The Tiger Woods Saga goes on. About 98% of the story is rank speculation at this point. The fact is only a handful of people know what happened the night of the wreck or what he’s been up to while tom-cattin’ around, and none of them have much to say on either topic.
But Tiger’s a celebrity and that means people will leap to the conclusions they want, taking care only to avoid the attention of lawyers bearing defamation and libel suits. Beware of suits with suits! That’s about the only rule. The only thing we like more than creating celebrities, sometimes out of the most meager raw materials, is destroying them for having failed to meet our standards for celebrities.
So who cares what really happened or who Tiger’s cheated with? Facts be damned! This is a morality play now.
Absent facts, the whole thing becomes like a Rorschach inkblot test designed to reveal the mysterious inner workings of the zeitgeist. The actual material doesn’t mean much, but our reactions tell us a lot. Since the subject matter is mostly about marital relations and domestic violence, those are what we learn about from people’s reactions to the tedious saga of the Lady with the Sand Wedge and the Tiger.
We’ve had the standard-issue misrepresentations of domestic violence by the likes of Slate. And we’ve had Saturday Night Live making light of domestic violence against men. No surprise there; popular culture seems better than it used to be, but violence against men by women is still almost invariably depicted as at least acceptable and often an affirmative good. And often enough, it’s played for laughs, as with SNL.
But there’s also this in a mainstream newspaper (Philadelphia Daily News, 12/4/09). It’s an op-ed by attorney Christine Flowers that points out that, for example, even if Woods has committed adultery, that doesn’t entitle his wife to attack him with a golf club. After all, every perpetrator of DV has an excuse for doing it. “He said I looked fat!” “She’s getting too friendly with another guy!” Isn’t our whole opposition to DV based on the assumption that violence is not an acceptable response, regardless of the provocation?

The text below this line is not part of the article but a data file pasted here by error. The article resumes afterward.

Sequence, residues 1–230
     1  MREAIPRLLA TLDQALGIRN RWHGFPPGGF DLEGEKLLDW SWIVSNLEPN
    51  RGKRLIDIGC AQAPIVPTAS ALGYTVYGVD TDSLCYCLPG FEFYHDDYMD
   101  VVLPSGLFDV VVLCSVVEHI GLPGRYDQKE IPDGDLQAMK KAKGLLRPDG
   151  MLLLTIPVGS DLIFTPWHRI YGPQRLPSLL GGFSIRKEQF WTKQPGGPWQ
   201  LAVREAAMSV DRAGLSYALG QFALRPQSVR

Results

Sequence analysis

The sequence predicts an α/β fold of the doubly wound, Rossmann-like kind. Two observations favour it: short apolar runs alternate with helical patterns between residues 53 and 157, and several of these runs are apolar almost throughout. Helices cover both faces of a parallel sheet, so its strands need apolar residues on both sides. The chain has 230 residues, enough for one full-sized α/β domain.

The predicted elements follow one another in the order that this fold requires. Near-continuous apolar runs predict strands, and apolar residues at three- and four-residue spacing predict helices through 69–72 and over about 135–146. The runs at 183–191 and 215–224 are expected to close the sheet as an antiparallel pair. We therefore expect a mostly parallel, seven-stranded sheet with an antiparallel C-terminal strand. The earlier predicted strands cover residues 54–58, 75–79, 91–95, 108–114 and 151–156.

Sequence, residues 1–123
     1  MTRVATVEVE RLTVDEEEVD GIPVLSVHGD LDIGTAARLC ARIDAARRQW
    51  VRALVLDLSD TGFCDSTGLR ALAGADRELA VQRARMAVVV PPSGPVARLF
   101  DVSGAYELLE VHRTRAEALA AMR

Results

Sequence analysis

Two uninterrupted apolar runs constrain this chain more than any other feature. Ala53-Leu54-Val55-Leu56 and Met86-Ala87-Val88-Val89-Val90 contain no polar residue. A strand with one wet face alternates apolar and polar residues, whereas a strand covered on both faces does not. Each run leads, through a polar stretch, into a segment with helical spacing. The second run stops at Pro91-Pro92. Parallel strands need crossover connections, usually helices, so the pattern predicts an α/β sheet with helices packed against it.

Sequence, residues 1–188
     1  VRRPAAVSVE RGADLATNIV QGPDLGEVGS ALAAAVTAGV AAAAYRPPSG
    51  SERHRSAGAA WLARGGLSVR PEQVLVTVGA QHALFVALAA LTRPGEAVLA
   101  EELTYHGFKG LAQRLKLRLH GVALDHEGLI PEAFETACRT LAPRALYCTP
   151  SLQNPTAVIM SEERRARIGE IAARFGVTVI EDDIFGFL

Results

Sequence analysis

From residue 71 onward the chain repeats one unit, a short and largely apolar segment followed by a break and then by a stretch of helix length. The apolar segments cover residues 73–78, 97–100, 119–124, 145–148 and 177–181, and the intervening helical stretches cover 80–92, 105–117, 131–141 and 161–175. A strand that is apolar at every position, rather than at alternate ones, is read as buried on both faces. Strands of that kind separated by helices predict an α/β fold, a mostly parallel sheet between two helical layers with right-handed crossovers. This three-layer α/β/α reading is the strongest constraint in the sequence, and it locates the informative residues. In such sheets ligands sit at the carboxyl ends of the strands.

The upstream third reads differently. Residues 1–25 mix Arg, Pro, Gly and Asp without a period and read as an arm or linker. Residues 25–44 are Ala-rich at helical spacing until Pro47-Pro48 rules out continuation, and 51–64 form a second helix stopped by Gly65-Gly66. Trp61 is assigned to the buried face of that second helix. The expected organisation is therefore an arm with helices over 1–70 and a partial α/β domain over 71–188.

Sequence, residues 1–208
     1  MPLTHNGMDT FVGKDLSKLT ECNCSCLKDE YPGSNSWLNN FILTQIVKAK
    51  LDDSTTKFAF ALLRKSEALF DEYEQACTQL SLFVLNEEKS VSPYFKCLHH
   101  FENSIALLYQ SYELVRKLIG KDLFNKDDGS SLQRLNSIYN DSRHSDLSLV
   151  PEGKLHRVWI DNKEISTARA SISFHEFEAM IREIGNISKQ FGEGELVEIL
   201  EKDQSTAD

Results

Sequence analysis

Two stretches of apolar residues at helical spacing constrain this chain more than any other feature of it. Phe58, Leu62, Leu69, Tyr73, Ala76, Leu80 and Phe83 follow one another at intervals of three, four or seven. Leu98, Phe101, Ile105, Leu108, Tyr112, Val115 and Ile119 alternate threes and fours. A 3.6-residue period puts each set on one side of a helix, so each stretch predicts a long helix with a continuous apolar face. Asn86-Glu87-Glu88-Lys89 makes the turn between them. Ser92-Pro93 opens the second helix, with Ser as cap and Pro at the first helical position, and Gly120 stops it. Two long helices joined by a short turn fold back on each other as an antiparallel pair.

Flowers points out the double standard in how the media depict DV. The SNL sketch would never have shown a man attacking a woman, but a woman attacking a man is comedy.
And from her viewpoint as an attorney, she’s seen DV go both ways. She’s under no illusions that only men attack women or that only women are injured by an intimate partner. And she doesn’t pretend that the legal system is fair to men. She points to the Lorena Bobbitt and the “Burning Bed” cases as ones in which, if the sexes had been reversed, the men would be doing long stretches in prison.
But it is unconscionable to have one standard for women, and another for men. You can say that men are physically stronger – but that surely isn’t always the case. You can also point to a history of gender inequality which for years guaranteed that women would be forced to stay in a dangerous relationship for economic reasons.
But times have changed. We can’t put our heads in the sand and pretend that women aren’t as capable of abuse as their male partners, and that they are always the financial underdog.
There’s a lot of sociology that Flowers doesn’t seem to know about who commits DV, under what circumstances and why, and who the victims are. But her op-ed is a measure of how far we’ve come in gaining a wide-spread public understanding of DV. Not nearly far enough, but much further than just a few years ago.